Michelle Carter will be released from jail for good behaviour after serving a majority of her 15-month sentence, in a decision that sparked an angry reaction from the family of the man she urged to kill himself.
Carter, who was convicted of involuntary manslaughter for urging Conrad Roy III to kill himself in 2014, is getting out about three months early, with jail officials saying that state law mandates early release in cases of good behaviour. She will now serve five years of probation.
But the release, and its rationale, has been criticised by the victim’s family, who claim that the woman who urged the 18-year-old to take his life should not be walking free.
“The sheriff should serve the rest of her time. He lets her go because she’s a good girl? She’s not a good girl,” the grandfather and namesake of the dead boyfriend, Conrad Roy, told the Boston Herald.
Carter’s Massachusetts manslaughter conviction and case garnered national attention, and tested the boundaries for how much culpability a person can have for simply speaking.
Her lawyers argued in a recent Supreme Court appeal that the conviction violated their client’s First Amendment rights and that “words alone” are not enough for someone to be held responsible for another person’s death. The court declined to hear the appeal last week.
During the original trial, the jury heard sordid details of the days leading up to Roy’s death, in which a then-17-year-old Carter repeatedly urged her 18-year-old boyfriend in texts to kill himself and chastised him for not going through on his plans.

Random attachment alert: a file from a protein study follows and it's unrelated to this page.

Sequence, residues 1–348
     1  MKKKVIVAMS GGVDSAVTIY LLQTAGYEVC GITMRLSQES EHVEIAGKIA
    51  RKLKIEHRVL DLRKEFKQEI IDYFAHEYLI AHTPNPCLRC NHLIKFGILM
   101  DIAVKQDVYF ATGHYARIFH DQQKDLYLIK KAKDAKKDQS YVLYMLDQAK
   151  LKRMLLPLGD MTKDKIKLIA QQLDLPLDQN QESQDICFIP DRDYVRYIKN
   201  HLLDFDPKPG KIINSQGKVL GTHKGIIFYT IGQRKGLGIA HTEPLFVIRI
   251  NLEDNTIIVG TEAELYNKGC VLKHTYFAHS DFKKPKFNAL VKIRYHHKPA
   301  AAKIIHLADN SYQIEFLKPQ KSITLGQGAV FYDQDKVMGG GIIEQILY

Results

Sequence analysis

Then, on the day of his death, Carter reportedly spoke with the victim after he became unsure about his plan to die in his parked truck, which he had rigged to fill up with deadly carbon monoxide. Following the phone call, Roy returned to the truck, and died.
The call in question wasn’t recorded, leaving prosecutors to rely on those earlier texts to prove her intent.
Carter, now 23, first went to jail last February, but had attempted to avoid jail time altogether following her 2017 conviction, with her lawyers initially arguing successfully for a stay in her case as they appealed the conviction. That stay was revoked when the state’s Supreme Judicial Court upheld the conviction.
In September, she was denied early release by the state parole board, with members of that panel saying Carter displayed a “lack of empathy” for “facilitating” Roy’s death, and said her release was “not compatible with the best interest of society”.
The death and conviction has inspired an HBO documentary, and legislative efforts aimed at cracking down on suicide coercion. The bill, known as “Conrad’s Law”, would make manipulating someone into killing themselves a crime punishable by jail time, with a five-year maximum sentence.